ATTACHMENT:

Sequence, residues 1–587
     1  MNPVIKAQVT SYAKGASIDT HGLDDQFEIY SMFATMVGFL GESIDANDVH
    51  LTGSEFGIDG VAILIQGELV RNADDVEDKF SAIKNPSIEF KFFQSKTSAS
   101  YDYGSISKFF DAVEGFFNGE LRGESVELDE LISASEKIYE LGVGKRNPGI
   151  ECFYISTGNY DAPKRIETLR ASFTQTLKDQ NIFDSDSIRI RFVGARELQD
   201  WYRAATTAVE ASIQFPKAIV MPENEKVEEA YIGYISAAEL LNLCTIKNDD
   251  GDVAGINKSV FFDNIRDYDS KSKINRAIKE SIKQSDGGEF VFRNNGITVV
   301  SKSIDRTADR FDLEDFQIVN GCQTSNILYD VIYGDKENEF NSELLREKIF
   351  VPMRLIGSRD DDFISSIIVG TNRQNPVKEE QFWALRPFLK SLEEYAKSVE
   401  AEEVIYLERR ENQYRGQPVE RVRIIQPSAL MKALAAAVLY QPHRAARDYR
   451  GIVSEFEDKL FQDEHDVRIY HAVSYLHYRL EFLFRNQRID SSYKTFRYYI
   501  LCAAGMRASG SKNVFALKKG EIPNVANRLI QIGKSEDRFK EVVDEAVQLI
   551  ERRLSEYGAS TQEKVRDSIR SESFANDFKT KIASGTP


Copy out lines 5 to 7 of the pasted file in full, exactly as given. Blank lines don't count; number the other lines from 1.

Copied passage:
   151  ECFYISTGNY DAPKRIETLR ASFTQTLKDQ NIFDSDSIRI RFVGARELQD
   201  WYRAATTAVE ASIQFPKAIV MPENEKVEEA YIGYISAAEL LNLCTIKNDD
   251  GDVAGINKSV FFDNIRDYDS KSKINRAIKE SIKQSDGGEF VFRNNGITVV